According to the present invention, signatures delivered as divided into groups of required number of signatures from a printing press or the like are piled into a small stack on the first stacker. The small stack is transferred to the third stacker as positioned therebelow, whereupon the third stacker is revolved to a position below the second stacker. The stack is then transferred from the third stacker to the second stacker.
Stated more specifically, signatures are transferred from the first stacker to the third stacker in the following manner.
When signatures are piled in the first stacker, the lift member of the third stacker rises, and the receiving plate of the first stacker moves to open the bottom of the same stacker, whereby the signatures in the first stacker are allowed to fall onto the lift member. The signatures are then placed on the third stacker by the descent of the lift member. The signatures in the form of a small stack is pressed by the pressing pieces during the descent. Subsequently, the third stackers are revolved about a vertical axis through 180 degrees; the third stacker carrying the signatures is positioned immediately below the second stacker, and the other third stacker, which is empty, is positioned immediately below the first stacker. The lift member below the second stacker then rises. The signatures on the lift member are released from the pressing pieces simultaneously with or during raising of the left member, and piled in the second stacker to form a large stack. The unloaded lift member descends to a stand-by position. On the other hand, the lift member of the third stacker positioned immediately below the first stacker rises to receive another small stack of signatures from the first stacker, followed by the above operation repeatedly.
When the small stack of signatures is delivered from the first stacker to the third stacker with the uppermost signature layer portion pressed by the signature pressing member provided for the first stacker, the signatures can be delivered neatly without slipping out of place or change misregistered.
The pressing pieces provided on the third stacker hold the small stack of signatures in shape by pressing the bulky folds of the signatures, thus preventing the sheets from slipping out of place and ensuring a smooth and neat stacking operation free of damage.
With the apparatus of the invention having the foregoing construction, the signatures delivered from the first stacker can be efficiently held under pressure and piled into stacks which remain in shape and free of damage during pressing and transport. Furthermore, stacking of signatures from the first stacker can be effected concurrently with stacking of signatures in the second stacker. This results improved efficiency of the apparatus and both renders the apparatus easy to operate and make it compact in size.
When the first stacker is provided with the signature pressing member for lowering the small stack of signatures onto one of the third stackers which is positioned immediately therebelow while pressing the stack from above, the small stack can be efficiently delivered from the first stacker to the third stacker without permitting slippage of signatures or misregistered or folded sheets, and can be further stacked without folding and be free of damage.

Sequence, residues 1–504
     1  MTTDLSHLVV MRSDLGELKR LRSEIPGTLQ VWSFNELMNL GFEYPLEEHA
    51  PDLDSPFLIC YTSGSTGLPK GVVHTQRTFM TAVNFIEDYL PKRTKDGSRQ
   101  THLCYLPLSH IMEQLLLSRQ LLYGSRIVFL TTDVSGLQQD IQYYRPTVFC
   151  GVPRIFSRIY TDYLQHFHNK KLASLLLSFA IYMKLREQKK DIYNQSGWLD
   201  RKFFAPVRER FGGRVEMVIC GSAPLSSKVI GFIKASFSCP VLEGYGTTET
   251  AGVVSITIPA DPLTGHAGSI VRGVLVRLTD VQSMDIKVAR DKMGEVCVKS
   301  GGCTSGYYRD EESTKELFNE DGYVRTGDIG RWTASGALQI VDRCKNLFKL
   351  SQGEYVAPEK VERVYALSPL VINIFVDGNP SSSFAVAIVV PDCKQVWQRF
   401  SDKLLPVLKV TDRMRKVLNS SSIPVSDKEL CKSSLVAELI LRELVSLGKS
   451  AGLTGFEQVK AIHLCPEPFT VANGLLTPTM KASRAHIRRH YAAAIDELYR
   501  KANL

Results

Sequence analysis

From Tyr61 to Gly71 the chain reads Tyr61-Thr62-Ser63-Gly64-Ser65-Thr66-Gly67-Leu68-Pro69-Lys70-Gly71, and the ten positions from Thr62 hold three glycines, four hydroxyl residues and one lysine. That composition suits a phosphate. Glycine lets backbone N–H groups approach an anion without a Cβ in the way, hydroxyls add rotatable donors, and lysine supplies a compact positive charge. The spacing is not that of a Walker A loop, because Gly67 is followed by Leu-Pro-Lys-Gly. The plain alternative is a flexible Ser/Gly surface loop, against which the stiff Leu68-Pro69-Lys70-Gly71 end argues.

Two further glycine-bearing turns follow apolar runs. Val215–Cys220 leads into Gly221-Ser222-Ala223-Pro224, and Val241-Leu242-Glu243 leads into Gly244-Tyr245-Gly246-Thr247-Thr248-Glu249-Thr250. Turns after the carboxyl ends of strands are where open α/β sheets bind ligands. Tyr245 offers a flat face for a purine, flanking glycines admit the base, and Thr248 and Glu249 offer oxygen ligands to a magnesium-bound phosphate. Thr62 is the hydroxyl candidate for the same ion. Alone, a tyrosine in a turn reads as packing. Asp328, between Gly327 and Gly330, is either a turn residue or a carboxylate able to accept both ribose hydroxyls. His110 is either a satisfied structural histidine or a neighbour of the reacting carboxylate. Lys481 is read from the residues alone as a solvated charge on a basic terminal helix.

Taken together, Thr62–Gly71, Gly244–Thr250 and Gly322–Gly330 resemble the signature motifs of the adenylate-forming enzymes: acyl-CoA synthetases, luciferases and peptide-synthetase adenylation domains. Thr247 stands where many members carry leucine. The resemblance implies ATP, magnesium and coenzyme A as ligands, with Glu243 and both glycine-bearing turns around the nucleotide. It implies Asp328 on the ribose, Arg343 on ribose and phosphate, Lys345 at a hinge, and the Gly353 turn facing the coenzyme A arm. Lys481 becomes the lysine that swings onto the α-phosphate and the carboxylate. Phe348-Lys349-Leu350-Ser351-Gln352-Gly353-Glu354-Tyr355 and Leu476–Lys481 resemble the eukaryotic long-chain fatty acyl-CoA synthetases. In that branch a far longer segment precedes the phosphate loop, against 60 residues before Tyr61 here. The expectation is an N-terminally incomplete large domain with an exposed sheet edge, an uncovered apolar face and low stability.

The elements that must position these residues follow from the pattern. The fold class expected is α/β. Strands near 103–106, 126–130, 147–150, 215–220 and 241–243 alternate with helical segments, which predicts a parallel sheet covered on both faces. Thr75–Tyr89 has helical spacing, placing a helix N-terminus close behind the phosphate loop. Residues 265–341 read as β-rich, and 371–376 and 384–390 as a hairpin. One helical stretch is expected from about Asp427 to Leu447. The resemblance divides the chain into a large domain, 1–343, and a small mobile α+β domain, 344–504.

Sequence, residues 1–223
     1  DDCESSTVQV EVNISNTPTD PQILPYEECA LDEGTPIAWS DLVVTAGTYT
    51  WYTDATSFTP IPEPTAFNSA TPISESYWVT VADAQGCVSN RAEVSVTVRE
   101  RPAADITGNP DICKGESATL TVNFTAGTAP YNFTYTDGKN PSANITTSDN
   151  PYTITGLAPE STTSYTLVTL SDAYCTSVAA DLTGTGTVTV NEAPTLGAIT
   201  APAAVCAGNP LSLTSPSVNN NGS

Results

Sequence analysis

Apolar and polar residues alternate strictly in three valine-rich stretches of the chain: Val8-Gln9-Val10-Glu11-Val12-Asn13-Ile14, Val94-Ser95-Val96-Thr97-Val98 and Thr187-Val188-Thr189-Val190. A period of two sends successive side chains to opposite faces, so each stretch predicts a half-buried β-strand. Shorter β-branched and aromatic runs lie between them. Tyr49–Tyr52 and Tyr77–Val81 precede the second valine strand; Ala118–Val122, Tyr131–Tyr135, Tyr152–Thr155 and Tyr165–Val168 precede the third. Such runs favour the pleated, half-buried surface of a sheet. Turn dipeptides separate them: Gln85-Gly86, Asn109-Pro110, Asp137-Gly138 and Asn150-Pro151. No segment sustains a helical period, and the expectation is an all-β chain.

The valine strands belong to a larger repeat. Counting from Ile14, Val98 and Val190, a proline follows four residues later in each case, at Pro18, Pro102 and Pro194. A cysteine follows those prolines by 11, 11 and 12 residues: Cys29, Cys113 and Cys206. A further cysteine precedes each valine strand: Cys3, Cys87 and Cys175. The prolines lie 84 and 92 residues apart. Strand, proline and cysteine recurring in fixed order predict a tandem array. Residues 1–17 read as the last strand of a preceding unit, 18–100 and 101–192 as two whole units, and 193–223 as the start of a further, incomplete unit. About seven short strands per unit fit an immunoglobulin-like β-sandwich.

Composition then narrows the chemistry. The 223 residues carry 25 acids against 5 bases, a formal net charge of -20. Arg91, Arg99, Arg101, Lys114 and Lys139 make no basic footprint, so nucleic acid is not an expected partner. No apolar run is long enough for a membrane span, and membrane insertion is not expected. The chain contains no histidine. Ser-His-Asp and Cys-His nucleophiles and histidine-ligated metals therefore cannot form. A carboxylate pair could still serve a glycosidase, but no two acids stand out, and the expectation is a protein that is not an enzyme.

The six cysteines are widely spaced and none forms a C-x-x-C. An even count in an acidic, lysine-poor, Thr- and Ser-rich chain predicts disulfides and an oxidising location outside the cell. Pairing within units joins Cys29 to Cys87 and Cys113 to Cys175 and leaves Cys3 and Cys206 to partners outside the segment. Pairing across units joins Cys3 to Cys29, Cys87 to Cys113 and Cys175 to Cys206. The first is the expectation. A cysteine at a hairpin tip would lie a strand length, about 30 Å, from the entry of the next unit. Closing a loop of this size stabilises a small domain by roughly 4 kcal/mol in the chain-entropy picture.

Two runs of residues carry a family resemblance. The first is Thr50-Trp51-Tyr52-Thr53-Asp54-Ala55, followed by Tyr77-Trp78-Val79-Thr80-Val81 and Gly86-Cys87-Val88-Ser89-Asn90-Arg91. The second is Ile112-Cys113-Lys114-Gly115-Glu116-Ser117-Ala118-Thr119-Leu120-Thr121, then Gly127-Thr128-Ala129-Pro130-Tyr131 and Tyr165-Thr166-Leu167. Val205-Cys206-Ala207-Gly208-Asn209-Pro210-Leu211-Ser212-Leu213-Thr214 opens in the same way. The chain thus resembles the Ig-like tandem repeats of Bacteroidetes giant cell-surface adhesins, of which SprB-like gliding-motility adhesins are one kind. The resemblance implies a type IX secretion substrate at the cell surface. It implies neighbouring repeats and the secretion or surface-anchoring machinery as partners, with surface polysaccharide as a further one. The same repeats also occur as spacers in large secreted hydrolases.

Further when the third stacker is provided with the pressing pieces which are upwardly movable with the lift member while pressing the small stack of signatures from above, the stack can be transported and moved upwardly from the third stacker to the second stacker without permitting some signatures to slip out of place, be moved out of register with the others or become damaged, and without the likelihood that some signatures will be kicked out by support pieces. This prevents impairment of quality, eliminates the necessity of adjusting the opening or closing timing of the support pieces and makes the apparatus very easy to operate.
FIG. 1 is a sectional side elevation schematically showing a first embodiment of the invention;
FIG. 2 is a perspective view for illustrating the operation of a stacker with some of the guide and pressing pieces omitted;
FIG. 3 is a plan view for illustrating the operation of stackers and lift members;
FIG. 4 is a plan view for illustrating the operation of the stacker and the lift member;
FIG. 5 is a plan view showing the position of signatures and the lift member relative to each other;
FIG. 6 is an operation illustrating plan view showing a change in the position of the lift member by rotation;
FIG. 7 is an operation illustrating plan view showing the position of the lift member remaining unchanged in position;
FIG. 8 is an operation illustrating side elevation showing signatures as stacked;
FIG. 9 is a plan view showing a lift member of a different form;
FIG. 10 is a sectional side elevation schematically showing a second embodiment of the invention;
FIG. 11 is an enlarged perspective view of a stacker;
FIG. 12 is an operation illustrating side elevation showing signatures which are ready for stacking;
FIG. 13 is a view in section taken along the line XIII--XIII in FIG. 12;
FIG. 14 is an operation illustrating side elevation showing the signatures being stacked;